There are enough data points in now for us to call it: the era of advertising supporting mass news media is all but over.
Advertising built the mass media of the 20th century. It funded it. It shaped it.
Say you wanted to reach AB incomes in a given city? The upmarket broadsheet was a near perfect vehicle. Now? Facebook. Or say you wanted that one buyer like a needle in a haystack, then classified advertising distributed in newspapers was the ideal tool; put all the needles into one haystack and give it to the reader to sort through. Now? The net pre-sorts both buyers and sellers.
To build a church-state divide between the newsroom and advertising floor in this context needed strong ethical resistance by journalists. Now that resistance is turned on clickbait — the chase for raw numbers of clicks to satisfy advertisers regardless of news quality.
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The digital challenge for mass news media has never been about finding readers. The Neilsen rankings of digital news sites is still dominated by the traditional media players. How often have we heard media owners boast that more people read their news than ever before?
It’s always been about advertising. Advertising spend is not infinite and when new advertising opportunities (“Hello, Google!”) emerge, the dollars gush out of old mediums — particularly newspapers.
Do an empirical test. Pull out today’s newspaper — any newspaper. Count the ads. Go on. I’ll wait.
That experience matches the data. In the past 12 months, the newspaper advertising dollar curve has accelerated its downward trend. From about 2008, revenues of newspapers were experiencing year-on-year declines of between 5% and 10%. In the past 12 months, those declines have jumped to 10% to 15%.
In fact, in their report on the half year to December 31, 2016, Fairfax Media said metro publishing advertising revenues were down 16%.
News Corp reported that for the quarter ending at the same time, advertising revenues were down 9% year on year, following a 12% decline at the end of 2015.
Two caveats on these figures — both of them bad for Australian newspapers:
- These revenues include both print and digital advertising; and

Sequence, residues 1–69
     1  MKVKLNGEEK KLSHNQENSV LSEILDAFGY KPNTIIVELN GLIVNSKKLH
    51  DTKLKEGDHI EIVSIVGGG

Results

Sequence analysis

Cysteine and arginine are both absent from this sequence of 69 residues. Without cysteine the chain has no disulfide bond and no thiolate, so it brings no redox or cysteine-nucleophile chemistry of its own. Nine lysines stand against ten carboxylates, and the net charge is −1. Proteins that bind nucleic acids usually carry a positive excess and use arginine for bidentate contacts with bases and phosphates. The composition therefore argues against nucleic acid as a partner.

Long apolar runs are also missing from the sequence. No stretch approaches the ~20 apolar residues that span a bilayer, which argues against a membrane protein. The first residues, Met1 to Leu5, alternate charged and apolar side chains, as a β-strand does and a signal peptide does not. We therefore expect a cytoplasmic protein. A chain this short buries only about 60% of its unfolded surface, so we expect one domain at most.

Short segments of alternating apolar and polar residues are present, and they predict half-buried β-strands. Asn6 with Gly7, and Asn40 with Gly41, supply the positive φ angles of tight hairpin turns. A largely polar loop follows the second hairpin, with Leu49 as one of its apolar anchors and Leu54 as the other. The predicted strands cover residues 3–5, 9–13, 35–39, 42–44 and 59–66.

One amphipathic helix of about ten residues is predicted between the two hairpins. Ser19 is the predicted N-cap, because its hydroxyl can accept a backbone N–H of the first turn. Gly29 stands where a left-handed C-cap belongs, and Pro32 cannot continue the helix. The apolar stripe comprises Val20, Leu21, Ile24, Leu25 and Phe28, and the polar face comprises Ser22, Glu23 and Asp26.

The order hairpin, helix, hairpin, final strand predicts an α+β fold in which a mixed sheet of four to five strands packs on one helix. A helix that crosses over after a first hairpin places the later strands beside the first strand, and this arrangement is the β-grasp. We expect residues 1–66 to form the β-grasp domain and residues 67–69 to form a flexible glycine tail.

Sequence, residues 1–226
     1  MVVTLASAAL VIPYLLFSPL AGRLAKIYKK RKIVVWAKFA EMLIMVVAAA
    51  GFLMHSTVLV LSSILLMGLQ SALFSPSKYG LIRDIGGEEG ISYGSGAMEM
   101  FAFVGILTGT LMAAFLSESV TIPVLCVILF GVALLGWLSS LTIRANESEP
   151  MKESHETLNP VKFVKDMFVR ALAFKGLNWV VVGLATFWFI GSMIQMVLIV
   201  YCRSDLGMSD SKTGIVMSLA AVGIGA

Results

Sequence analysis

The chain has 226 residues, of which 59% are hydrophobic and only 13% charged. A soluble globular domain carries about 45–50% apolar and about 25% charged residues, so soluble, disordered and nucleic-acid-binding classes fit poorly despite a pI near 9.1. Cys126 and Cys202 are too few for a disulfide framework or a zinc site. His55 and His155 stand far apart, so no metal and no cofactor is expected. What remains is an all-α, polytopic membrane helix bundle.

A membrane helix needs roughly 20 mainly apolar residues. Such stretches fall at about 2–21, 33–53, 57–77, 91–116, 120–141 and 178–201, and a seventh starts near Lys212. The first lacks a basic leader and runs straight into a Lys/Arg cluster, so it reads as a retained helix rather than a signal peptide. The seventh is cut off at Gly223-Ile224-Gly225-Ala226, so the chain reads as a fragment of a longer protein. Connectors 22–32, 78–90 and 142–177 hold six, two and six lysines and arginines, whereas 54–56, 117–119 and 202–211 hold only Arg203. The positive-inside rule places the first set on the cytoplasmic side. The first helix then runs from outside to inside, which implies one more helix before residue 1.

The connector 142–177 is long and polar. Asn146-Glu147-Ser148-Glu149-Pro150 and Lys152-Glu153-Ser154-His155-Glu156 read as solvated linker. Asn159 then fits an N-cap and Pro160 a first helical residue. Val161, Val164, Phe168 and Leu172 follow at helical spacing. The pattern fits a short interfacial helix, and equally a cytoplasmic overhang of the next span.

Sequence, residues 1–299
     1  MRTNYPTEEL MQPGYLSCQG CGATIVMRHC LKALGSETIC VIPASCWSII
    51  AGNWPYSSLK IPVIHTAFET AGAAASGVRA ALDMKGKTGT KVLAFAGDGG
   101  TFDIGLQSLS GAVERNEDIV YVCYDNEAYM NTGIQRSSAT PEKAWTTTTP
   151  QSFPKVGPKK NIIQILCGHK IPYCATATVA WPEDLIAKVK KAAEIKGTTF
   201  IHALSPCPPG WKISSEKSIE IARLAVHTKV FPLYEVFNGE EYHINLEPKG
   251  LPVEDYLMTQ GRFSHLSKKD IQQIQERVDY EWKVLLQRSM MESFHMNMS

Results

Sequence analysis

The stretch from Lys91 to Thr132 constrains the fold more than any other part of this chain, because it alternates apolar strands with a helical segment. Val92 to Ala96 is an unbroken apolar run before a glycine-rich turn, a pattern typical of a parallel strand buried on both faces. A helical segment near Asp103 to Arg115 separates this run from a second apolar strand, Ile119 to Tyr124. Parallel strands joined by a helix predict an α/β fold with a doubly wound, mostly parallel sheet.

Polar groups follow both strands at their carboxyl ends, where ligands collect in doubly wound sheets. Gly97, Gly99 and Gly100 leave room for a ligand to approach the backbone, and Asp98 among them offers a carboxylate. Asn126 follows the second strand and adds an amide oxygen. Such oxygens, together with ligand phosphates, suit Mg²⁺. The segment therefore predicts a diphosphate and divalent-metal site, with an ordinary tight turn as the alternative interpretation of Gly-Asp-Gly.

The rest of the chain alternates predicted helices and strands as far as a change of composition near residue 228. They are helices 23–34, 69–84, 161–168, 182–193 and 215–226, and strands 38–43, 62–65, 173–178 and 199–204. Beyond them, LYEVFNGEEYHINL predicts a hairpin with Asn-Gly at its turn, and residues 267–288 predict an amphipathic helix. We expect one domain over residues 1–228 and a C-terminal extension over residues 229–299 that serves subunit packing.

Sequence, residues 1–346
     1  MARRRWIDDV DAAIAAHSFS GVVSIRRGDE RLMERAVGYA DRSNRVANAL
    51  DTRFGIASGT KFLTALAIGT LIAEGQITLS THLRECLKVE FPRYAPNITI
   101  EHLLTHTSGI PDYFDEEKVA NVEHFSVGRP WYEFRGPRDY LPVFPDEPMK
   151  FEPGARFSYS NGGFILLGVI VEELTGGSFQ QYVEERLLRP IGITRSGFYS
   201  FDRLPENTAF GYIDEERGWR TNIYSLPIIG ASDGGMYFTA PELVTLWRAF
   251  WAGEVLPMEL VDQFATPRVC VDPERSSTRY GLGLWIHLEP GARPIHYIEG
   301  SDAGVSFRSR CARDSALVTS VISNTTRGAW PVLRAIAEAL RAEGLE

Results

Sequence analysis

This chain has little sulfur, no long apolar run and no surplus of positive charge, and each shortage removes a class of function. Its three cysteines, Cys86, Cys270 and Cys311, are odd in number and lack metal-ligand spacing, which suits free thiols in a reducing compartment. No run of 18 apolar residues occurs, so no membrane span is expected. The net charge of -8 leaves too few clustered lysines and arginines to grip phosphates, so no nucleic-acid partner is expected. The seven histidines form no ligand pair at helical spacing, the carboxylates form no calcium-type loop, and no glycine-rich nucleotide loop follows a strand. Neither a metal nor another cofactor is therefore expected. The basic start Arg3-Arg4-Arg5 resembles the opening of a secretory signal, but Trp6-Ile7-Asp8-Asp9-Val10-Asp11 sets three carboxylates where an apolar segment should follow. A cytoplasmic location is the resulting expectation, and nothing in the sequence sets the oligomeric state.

- In the case of News, these are global figures, incorporating the US (mainly The Wall Street Journal) and the British papers.
The publishers like to talk in percentages, particularly when they are talking about increases in digital advertising. But most revenues still come from print, so a decline in print revenues from a higher base is nowhere near offset by any increase in digital advertising.
Digital advertising has its own challenges. Because there is no natural correlation with news, most of it goes to Google, Facebook or other social media. Maybe a third of digital advertising revenues is left for all content creators, which doesn’t leave much for mass media companies.
There’s another data point that matters. Somewhere between 25% and 30% of users have installed ad-blockers. Video streaming and time-shifting are removing advertising from the television experience. These actions skew young, so we can expect these figures to increase over time.
Are all these figures random deviations from the mean? Or a deadly acceleration?
To answer that, we should look at what the publishers are doing, not what they are saying. That tells us they expect this slide to continue as they hack at costs to ensure the expenditure line continues to trend as much as possible under the revenues curve. That’s why Fairfax Media is cutting $30 million and News Corp is aiming at $40 million in savings from its Australian operations.
Of course, there remains potential for advertising — or advertising-like practices — to sustain journalism.
Some advertising — brands, tourism — seems to endure, even in print. Real estate remains a heavily contested space. Native advertising, sponsorship, ad sharing with platforms — these are all emerging income sources. Some low-cost news start-ups (including some start-up-like units within the traditional organisations) are building small-scale advertising models relying on audience targeting.
None of these are going to replace the rivers of gold that made media so wealthy in the 20th century. Each of them brings their own ethical challenges for journalists. Clickbait is the last desperate attempt to hang onto a handful of those dollars. But rather than scrabbling for crumbs, the end of the relationship should really free us to ask: how do we re-shape journalism for our 21st century communities?